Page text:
Editorial: Montreal wrong to spurn calls to defund the police

City budget an insult after a summer spent demanding change

  • Graphic Carl Bindman

This year we’ve been no stranger to grief and disappointment. We’ve mourned the loss of far too many Black and Indigenous people at the hands of the police. A mix of resilience, solidarity, rage, and hope has carried us through 2020. We have spoken up and the city of Montreal has responded loud and clear.

Exactly two weeks after Notre-Dame-de-Grâce resident Sheffield Matthews was murdered by the Service de Police de la Ville de Montreal, Mayor Valérie Plante’s administration responded in the form of a $15-million funding increase for police, detailed in the city’s 2021 budget on Nov. 12. The budget for housing was cut by $13 million.

The city’s refusal to defund the SPVM and redirect funds to social services is nothing short of a slap in the face after spending the year marching, advocating, and demanding change.

Black people deserve more. Indigenous people deserve more. Trans people, people with disabilities, people living with mental illness, People of Colour, sex workers, and immigrants deserve more. Lives are being lost, and Plante’s administration is funnelling millions of dollars into the pockets of the institution killing the people we’ve been demanding be protected.

Of the #DefundTheSPVM campaign’s 10 demands, three specifically call for redistribution of funds from the SPVM’s budget. Redirection of just half of this budget would provide social services with $339.5 million to provide care and safety services for Montreal communities.

Community-led programs and unarmed services could use this funding to respond to crises involving mental health, drug use, traffic violations, and other instances where police involvement has proven to lead to the harm and death of marginalized people.

There simply is no denying the systemic racism of the SPVM. Black and Indigenous people are far more likely to face street-checks than white Montrealers and are vastly overrepresented in police killings in relation to the population.

Plante, so far, has been all talk and no action. She has made performative gestures and has failed to bring substantial change; activists have described the city’s response as superficial. A report released in June by the Office de Consultation Publique noted the City had failed to recognize systemic racism and discrimination on its territory. Plante acknowledged it and made vague promises to take action—including promising to review the SPVM’s funding and consider community responses that could replace police interventions—but since then, none of this has been developed at all.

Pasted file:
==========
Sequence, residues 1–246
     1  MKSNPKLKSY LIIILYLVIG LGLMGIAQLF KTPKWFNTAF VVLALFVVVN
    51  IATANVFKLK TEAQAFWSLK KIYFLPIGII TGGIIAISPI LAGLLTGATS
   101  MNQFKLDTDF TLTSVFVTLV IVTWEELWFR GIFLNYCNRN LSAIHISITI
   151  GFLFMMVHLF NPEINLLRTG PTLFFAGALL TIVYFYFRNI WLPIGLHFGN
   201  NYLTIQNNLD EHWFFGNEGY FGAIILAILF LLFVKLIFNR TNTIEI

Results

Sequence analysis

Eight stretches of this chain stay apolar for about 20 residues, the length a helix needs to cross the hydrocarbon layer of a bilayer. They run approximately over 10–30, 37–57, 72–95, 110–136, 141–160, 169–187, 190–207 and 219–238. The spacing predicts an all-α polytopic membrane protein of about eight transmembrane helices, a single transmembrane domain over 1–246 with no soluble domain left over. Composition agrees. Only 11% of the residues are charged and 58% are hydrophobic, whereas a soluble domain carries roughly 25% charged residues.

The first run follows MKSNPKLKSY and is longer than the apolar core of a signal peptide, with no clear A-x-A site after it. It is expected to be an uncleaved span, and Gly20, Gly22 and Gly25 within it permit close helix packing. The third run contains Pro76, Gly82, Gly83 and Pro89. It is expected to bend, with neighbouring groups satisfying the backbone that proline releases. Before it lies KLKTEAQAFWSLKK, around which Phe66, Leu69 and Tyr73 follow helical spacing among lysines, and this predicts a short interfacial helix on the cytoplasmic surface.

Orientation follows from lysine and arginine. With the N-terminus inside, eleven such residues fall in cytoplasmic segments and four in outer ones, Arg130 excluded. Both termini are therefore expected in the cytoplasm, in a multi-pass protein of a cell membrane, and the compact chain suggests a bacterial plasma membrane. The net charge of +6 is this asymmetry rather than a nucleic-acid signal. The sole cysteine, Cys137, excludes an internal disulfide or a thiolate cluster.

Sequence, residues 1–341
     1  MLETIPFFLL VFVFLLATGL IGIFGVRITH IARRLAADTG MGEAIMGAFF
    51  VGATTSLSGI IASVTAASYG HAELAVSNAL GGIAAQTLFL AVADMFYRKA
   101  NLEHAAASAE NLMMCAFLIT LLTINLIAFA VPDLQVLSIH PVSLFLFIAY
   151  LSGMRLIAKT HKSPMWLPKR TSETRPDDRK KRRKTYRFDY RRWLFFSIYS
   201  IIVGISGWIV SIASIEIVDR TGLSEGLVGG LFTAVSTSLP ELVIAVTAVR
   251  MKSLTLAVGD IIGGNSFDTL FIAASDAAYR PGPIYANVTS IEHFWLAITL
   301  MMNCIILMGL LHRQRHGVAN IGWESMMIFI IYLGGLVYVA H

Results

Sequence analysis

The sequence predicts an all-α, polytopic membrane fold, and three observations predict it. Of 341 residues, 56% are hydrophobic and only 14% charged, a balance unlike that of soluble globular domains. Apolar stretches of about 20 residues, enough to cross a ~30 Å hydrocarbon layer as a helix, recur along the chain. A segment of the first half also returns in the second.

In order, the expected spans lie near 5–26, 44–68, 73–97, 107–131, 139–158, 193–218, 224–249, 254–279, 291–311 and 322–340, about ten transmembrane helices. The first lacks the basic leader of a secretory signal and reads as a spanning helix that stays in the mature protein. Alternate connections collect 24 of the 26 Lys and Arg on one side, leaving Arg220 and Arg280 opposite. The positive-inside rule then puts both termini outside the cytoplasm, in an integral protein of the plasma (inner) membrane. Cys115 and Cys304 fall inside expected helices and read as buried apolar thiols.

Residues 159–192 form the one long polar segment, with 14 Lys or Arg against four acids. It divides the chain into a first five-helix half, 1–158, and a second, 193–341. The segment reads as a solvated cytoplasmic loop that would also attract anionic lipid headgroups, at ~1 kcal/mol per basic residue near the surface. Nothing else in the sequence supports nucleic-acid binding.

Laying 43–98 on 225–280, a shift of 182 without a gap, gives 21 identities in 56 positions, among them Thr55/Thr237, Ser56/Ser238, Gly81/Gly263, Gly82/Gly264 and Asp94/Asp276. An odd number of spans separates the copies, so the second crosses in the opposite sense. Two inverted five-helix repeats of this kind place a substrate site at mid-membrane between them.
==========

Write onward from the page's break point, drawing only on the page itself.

This moment has also proven the city’s unwillingness to engage with activists. Sandra Wesley, from the Defund the SPVM campaign, told CBC that a meeting they were supposed to have with the executive committee of Plante’s administration last week—the same week as the budget tabling—was cancelled at the last minute. This shows how little the movement, in general, is being taken seriously. 

The announcement of the budget comes on the heels of a similar announcement by the Quebec government that it would provide $65 million in new funding to police departments to combat gun violence. The SPVM is using its share of this provincial funding to expand its anti-gun squad.

According to research by Concordia professor Ted Rutland, 74 per cent of people charged and arrested by this squad were Black—Black people were therefore 42 times more likely to be charged by the squad than white people.  

Defunding the police has been portrayed by some as an impractical and radical idea, however this is challenged by the widespread support for it. A poll in September found that 39 per cent of Montrealers favor defunding the police—significant support for an idea that is new to many people. 

In Calgary, city council recently voted to reallocate $10 million from the police budget to address gaps in crisis and outreach services and emergency responses, as well as gaps in racially and culturally appropriate services.

Even though Calgary is only reallocating five per cent of its police budget, a drop in the bucket, it's a step in the right direction. Why can’t Montreal do the same?

Activists from the Defund the SPVM coalition are urging people to lend their voices to the movement by visiting the website DefundTheSPVM.com for templates and resources to use to contact their local city councillors.

Sadly, only time will tell how many more deaths the SPVM will cause before the city enacts the proactive change we need. It's beyond time to halt using money to criminalize the poor, the homeless, and Black and Indigenous people, and use that money to support and protect them instead.

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